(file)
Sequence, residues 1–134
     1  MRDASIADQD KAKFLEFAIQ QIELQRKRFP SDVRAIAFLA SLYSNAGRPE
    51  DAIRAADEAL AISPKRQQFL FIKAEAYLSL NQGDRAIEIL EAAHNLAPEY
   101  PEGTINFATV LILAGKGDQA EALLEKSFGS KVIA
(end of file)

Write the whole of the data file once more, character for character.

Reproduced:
Sequence, residues 1–134
     1  MRDASIADQD KAKFLEFAIQ QIELQRKRFP SDVRAIAFLA SLYSNAGRPE
    51  DAIRAADEAL AISPKRQQFL FIKAEAYLSL NQGDRAIEIL EAAHNLAPEY
   101  PEGTINFATV LILAGKGDQA EALLEKSFGS KVIA